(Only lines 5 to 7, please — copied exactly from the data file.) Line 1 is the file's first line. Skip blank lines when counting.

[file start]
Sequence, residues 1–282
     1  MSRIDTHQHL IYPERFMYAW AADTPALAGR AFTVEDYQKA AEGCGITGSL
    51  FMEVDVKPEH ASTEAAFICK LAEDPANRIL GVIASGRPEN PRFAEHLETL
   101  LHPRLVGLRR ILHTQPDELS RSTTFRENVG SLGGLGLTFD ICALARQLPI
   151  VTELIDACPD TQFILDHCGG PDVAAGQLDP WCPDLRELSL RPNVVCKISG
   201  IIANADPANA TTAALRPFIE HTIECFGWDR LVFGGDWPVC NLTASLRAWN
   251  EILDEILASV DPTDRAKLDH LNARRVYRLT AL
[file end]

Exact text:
   151  VTELIDACPD TQFILDHCGG PDVAAGQLDP WCPDLRELSL RPNVVCKISG
   201  IIANADPANA TTAALRPFIE HTIECFGWDR LVFGGDWPVC NLTASLRAWN
   251  EILDEILASV DPTDRAKLDH LNARRVYRLT AL